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Arts & Antiracism Convener.
Zenique Gardner Perry spent her formative years “across the Mississippi River” in East St. Louis, Illinois. She often attributes her love for writing to her elementary and junior high school teachers who, while living and teaching in the small, impoverished town, managed to exemplify Black Excellence amid the chaos of the crack epidemic of the 1980’s and ‘90’s. Zenique eventually moved to Philadelphia where she received an English Writing degree from Eastern University and, while there, spent a semester abroad in East Africa where she studied African literature and creative writing. In 2013, Zenique was the sole American writer selected as a Farafina Fellow by award-winning Nigerian author, Chimamanda Adichie. There, Zenique joined writers across the Diaspora in a two-week residency in Lagos, Nigeria.
In 2015, Zenique moved back to St. Louis after living in Philadelphia for over a decade. She has since worked in youth violence prevention and co-founded Undo Bias, a consulting group that accompanies local organizations in their movement towards antiracism. In all things, Zenique has found ways to incorporate a writing component in her work. She is a graduate of the MFA Creative Nonfiction Program at Washington University in St. Louis and recipient of artist's grants from the Columbia Journalism School’s Delacorte Review and Regional Arts Commission of St. Louis. Zenique has also been awarded residencies at The Writer’s Colony at Dairy Hollow in Arkansas and Storyknife Writer's Retreat in Alaska. Zenique lives in St. Louis, Missouri with her family and their pets.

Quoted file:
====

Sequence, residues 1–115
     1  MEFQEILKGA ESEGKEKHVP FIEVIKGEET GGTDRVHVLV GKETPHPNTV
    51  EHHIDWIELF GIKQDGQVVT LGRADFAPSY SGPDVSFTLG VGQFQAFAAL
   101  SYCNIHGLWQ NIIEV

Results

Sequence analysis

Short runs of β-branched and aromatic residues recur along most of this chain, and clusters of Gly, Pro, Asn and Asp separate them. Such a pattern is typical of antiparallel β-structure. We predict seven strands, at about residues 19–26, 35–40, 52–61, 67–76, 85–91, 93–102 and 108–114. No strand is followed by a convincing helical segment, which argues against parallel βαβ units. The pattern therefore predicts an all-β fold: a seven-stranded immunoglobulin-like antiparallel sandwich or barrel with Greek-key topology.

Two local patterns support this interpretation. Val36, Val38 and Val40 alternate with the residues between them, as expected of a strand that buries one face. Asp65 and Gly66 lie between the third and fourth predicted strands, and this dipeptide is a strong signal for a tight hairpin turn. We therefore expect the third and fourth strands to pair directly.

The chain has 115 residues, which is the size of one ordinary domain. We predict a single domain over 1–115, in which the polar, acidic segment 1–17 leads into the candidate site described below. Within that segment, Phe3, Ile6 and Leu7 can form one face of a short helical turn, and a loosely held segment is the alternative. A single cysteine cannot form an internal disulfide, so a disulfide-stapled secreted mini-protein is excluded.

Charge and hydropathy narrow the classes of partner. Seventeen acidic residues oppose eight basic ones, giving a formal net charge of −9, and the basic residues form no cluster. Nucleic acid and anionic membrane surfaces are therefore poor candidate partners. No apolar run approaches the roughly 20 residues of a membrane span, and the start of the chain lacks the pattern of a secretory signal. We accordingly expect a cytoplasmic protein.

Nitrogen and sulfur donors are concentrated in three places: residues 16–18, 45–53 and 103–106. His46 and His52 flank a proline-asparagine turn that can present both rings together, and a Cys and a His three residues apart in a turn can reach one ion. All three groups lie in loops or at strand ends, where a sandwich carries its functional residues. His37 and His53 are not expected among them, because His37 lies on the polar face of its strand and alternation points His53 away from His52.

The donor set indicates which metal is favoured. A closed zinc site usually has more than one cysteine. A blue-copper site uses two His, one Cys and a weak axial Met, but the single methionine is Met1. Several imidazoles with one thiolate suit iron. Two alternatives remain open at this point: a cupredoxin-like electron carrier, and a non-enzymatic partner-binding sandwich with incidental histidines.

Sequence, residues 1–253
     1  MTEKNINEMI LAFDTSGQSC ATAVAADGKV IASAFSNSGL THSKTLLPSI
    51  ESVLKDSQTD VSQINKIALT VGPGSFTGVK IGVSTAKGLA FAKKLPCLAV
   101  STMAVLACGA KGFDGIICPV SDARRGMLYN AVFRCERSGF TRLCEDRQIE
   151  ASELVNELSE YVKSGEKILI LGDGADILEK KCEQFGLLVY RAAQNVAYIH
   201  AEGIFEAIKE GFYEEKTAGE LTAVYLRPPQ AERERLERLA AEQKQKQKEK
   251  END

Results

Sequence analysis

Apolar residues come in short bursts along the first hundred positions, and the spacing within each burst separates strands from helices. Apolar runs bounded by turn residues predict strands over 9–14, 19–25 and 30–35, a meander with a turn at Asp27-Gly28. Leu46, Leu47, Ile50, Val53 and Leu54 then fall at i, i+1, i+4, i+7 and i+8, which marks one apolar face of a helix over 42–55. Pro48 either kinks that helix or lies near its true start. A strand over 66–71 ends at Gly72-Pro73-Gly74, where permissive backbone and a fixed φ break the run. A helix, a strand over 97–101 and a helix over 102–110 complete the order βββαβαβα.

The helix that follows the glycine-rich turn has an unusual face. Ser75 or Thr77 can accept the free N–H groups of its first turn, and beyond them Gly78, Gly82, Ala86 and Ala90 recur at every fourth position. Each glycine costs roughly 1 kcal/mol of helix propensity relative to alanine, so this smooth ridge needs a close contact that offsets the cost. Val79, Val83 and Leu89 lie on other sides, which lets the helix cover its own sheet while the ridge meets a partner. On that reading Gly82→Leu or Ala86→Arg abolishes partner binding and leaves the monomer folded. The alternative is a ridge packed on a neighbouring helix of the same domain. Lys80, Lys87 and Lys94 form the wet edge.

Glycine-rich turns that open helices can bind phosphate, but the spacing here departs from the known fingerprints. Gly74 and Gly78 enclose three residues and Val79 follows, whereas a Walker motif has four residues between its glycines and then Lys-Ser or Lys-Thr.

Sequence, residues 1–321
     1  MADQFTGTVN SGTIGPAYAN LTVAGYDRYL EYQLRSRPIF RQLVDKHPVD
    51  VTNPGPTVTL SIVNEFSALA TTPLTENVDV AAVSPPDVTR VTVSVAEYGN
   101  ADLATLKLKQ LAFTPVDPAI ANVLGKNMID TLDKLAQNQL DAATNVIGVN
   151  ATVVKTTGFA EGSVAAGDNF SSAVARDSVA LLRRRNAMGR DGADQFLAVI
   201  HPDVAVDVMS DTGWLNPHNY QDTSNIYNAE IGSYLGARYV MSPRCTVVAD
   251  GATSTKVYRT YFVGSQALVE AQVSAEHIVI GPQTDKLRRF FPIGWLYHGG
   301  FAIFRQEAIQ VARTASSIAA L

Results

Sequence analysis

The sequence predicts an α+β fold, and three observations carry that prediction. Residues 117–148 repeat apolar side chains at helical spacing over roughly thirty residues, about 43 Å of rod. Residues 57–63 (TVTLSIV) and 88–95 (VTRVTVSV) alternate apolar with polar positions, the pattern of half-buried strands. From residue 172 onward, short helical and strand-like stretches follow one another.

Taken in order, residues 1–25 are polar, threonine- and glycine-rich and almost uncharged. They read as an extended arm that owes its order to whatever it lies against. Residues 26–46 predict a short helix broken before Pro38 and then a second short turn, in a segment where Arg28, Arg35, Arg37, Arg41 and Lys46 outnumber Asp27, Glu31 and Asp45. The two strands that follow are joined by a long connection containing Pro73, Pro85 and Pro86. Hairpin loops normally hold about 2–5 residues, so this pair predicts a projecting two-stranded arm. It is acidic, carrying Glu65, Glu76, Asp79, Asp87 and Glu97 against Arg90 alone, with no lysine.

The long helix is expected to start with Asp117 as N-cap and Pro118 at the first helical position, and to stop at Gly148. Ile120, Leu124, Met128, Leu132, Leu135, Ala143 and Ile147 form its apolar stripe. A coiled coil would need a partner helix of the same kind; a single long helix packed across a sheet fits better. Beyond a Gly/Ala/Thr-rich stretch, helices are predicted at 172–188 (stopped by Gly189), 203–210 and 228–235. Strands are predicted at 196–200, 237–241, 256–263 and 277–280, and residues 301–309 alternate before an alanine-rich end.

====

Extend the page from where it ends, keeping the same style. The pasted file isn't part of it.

What They Call Us is Magic
We were kids who wore talking shoes and too small clothes, spending paper dollars from the feds on hot pickles and penny candy at the corner liquor store. Kwintessa and LaCreshia, Tameka, Shaunta, Tanisha, and Miesha were the names my friends were given. The boys who chased us were Lamont and Tyrone, Demetrius and Malik, DaQuan, Jamal and Javion. It was the nineties. And a post-industrial, Black, Midwestern town was home. Here, everything about what we called ourselves and each other felt right.
I told Granny, many years before she died and after a tangent she’d started about “going on to be with the Lord,” that whenever she made her transition, she should leave her collection of books to me.
I was fourteen: a memoir
It is 1994. East Saint Louis. Mississippi River town. Post-white flight. All Black folks. House on corner. Brick and mortar. No picket fence. All ours though. Family stayed close. Friends were too.
Homie, You Can Do It Too
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